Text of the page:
Canadian sprint star Andre De Grasse was banking on a fast time in his final 100-metre race before next month’s world championships.
The triple medallist from last summer’s Rio Olympics won his third consecutive 100 title at the Canadian track and field championships on Friday, crossing in 10.11 seconds.
But in the moments after the victory, De Grasse admitted disappointment in his time — both for the Ottawa fans that squeezed into the grandstand at Terry Fox Stadium, and because it was his final 100 before his showdown with Jamaican superstar Usain Bolt next month in London.
“This is the last one, so that’s why I wanted to try to put down a time,” De Grasse said. “I couldn’t tell you exactly what happened. Ran the semis, felt pretty good, shut it down. And the finals. . . I don’t know what happened, I thought I was ready to run a fast time and a little disappointed I couldn’t give the crowd what they wanted.”
Brendon Rodney of Toronto was second in 10.18, while Gavin Smellie of Brampton, Ont., crossed third in 10.23.
De Grasse, a 22-year-old from Markham, Ont., had cruised to an easy win in his semifinal earlier in the night, coasting across the line in 10.13 on a track still slick from a thunderstorm that rolled through the city.
He had the crowd roaring before he even stepped into the blocks for the final. They cheered loudly when he ran down the straightaway in his warmup. The grinning De Grasse waved his arms to encourage the cheering.
“It was good, I needed that energy, I was definitely going to try to (have it) carry me to run a fast time, so I love when they do that,” De Grasse said of the crowd. “Again, I’m a little bit disappointed I couldn’t give them what they wanted.”
Aaron Brown of Toronto, who boasts a personal best of 9.94, was disqualified for a false start in his semifinal, but ran under protest with hopes of launching an appeal.
Crystal Emmanuel of Toronto won the women’s 100 in 11.20, dipping under the world championship qualifying standard. Emmanuel hollered “Yes!” several times after crossing the finish line to the amusement of the crowd.
“Excited and happy,” said Emmanuel, the defending champion in both the 100 and 200. “Coming out here, we just went with the flow of things, the rain, having clear skies afterwards. I came out here and my plan went awesome. Execution and just how I felt was really amazing.”
A thunderstorm rolled in just prior to the start of the evening session, delaying several field events. But optimistic fans still squeezed into the grandstand under a virtual tarp of dozens of umbrellas, staking out their spots as they waited for the storm to pass.
The skies had cleared by the sprint finals, but sprinters like it hot, and the temperature had dipped a couple of degrees.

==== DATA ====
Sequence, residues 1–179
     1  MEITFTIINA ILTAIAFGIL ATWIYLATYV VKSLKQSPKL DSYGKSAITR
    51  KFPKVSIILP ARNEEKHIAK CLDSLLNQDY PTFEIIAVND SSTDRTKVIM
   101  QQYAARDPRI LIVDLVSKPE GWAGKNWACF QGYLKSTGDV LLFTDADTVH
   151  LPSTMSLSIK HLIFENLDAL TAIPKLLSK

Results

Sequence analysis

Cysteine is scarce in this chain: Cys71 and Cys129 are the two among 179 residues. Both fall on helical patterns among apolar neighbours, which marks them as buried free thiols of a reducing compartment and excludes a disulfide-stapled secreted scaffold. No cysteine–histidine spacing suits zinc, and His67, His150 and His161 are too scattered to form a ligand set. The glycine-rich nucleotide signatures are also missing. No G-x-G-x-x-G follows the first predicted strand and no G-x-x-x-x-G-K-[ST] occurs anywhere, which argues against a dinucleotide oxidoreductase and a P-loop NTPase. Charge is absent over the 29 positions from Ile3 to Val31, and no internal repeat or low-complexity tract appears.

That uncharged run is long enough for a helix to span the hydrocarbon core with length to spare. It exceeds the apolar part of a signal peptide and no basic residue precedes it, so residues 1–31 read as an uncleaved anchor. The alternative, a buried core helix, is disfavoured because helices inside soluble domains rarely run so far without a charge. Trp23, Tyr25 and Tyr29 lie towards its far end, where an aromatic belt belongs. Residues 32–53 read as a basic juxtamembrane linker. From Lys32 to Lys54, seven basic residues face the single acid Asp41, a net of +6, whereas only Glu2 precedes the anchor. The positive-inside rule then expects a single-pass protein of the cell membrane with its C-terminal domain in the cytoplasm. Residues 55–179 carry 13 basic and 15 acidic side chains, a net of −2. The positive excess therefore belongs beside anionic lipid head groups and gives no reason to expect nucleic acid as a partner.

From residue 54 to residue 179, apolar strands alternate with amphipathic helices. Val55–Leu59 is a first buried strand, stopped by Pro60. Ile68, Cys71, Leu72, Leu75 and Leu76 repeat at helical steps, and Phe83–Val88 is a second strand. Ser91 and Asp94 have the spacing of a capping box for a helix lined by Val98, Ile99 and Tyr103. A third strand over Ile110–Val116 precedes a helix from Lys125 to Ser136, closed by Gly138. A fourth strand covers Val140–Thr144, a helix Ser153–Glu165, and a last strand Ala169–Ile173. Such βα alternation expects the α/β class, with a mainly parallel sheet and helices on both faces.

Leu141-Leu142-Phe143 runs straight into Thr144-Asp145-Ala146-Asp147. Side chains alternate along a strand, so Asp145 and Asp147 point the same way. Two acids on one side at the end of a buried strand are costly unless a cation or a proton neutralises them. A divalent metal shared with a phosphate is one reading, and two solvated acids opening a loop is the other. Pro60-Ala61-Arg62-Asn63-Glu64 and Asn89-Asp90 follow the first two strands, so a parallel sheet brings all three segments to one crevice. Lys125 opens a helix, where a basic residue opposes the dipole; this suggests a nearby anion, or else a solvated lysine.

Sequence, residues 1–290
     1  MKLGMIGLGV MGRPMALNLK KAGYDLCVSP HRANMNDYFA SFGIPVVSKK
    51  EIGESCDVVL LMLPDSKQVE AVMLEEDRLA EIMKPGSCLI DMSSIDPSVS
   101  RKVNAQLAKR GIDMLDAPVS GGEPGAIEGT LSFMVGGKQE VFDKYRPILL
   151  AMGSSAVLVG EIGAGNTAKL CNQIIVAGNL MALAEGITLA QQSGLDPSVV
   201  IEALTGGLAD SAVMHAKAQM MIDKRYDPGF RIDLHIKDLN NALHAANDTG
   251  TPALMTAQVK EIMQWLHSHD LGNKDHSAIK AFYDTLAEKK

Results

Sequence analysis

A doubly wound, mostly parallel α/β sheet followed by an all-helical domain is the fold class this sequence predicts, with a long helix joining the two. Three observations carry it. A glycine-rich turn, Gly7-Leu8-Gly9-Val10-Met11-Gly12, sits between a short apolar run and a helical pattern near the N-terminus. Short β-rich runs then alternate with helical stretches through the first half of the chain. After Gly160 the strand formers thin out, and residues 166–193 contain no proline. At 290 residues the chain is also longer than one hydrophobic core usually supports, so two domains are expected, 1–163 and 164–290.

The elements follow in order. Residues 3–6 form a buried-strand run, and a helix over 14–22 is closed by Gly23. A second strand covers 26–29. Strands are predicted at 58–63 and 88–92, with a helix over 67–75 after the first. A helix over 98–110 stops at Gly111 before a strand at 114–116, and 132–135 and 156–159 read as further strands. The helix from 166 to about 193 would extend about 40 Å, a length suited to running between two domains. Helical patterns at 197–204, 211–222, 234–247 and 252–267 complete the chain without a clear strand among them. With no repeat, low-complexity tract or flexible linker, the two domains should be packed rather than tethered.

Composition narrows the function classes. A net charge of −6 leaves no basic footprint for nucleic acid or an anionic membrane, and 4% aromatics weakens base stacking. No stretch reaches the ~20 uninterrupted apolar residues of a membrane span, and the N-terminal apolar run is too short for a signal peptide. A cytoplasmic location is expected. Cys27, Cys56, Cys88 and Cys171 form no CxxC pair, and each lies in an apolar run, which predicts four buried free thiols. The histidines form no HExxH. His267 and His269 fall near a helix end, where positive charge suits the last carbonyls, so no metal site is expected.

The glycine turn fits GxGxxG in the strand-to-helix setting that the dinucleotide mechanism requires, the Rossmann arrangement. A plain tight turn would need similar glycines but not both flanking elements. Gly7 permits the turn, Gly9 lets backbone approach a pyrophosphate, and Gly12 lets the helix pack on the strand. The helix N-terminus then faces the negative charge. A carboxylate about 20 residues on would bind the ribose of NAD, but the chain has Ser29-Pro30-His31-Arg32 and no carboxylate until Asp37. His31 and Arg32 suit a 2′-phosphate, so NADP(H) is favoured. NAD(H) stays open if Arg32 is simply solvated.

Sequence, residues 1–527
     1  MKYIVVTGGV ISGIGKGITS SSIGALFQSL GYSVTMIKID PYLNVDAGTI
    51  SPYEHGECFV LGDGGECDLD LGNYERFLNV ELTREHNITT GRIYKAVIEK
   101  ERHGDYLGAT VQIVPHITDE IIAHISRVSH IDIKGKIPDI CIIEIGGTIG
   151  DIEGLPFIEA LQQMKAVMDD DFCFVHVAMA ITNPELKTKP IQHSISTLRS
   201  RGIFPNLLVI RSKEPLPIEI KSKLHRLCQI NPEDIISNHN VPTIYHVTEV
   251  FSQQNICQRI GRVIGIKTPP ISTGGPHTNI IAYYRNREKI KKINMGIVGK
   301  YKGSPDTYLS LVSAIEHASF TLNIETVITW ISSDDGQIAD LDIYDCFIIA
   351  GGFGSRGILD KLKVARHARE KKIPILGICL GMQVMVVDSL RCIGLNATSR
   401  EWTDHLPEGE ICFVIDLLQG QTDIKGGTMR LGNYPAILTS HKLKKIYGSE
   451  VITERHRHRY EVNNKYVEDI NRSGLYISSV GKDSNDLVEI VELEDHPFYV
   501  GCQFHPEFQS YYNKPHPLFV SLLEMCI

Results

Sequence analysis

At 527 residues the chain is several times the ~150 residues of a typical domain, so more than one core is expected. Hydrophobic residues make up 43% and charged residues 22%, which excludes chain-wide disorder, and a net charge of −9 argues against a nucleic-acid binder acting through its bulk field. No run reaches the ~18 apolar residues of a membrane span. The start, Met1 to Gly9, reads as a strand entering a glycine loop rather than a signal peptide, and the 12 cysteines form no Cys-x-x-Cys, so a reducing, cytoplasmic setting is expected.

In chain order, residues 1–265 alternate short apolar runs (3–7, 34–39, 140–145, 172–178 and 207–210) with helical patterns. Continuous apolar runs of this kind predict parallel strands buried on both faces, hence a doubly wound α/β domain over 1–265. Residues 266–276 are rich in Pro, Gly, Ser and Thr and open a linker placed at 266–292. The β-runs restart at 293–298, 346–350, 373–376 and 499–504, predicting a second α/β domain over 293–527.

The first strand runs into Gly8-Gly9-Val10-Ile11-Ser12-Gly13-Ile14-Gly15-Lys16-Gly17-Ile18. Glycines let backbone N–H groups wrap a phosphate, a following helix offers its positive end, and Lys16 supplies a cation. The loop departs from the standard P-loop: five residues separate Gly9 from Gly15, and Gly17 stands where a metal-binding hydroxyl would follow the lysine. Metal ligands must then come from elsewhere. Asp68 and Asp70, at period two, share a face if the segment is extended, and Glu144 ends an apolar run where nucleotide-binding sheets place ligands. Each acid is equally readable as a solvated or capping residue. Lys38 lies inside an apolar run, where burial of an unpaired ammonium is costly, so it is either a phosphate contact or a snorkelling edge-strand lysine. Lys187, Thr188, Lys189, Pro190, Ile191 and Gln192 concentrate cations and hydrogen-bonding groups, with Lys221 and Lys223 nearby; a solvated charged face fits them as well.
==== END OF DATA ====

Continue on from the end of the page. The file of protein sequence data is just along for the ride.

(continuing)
De Grasse also traditionally listens to music while he warms up, but had left his headphones back at the hotel. Because he has an iPhone 7, he couldn’t find someone with the proper adapter needed for headphones, and had to settle for the stadium background noise.
“I had to depend on the crowd to be my music,” he said. “It was a little bit annoying, it’s the first time I’ve done that before. It’s okay, as long as I don’t do that for any major championships.”
Career best of 9.91
De Grasse’s career best is the 9.91 he ran to win bronze at last summer’s Rio Olympics. He ran his fastest time this season — 10.01 — to win the Diamond League meet in Oslo, Norway last month. He followed that up with a blistering, but wind-aided, 9.69 to win the Stockholm Diamond League last month.
“I’ve got to go back and talk to my coach (Stuart McMillan), see what happened in that race,” he said about Friday’s final. “I feel like I’m ready coming off of Stockholm, I was feeling pretty good.
“I ran pretty fast in the semifinals and I didn’t even think I pushed it that hard, I don’t know if I just ran out of gas, or what exactly happened.”
The Canadian record of 9.84 is co-held by Donovan Bailey and Bruny Surin.
De Grasse will also run the 200 at the national championships, which determine the team for next month’s world track and field championships in London, where the young Canadian will have one last shot at Bolt — the Jamaican is retiring after the worlds.
Agnes Esser of McBride, B.C., threw 50.95 metres to win the women’s discus. Christabel Netty of Surrey, B.C., won the women’s long jump with a jump of 6.23 metres. Liz Gleadle of Vancouver threw 60.62 metres to win the javelin. Jordan Young of Windsor, Ont., threw 62.76 to win the men’s discus, while Damian Warner of London, Ont., jumped 7.53 metres to win the men’s long jump.
World silver medallist Melissa Bishop of Eganville, Ont., ran a relaxed 2:03.80 to win her 800 semifinal and advance to Saturday’s final.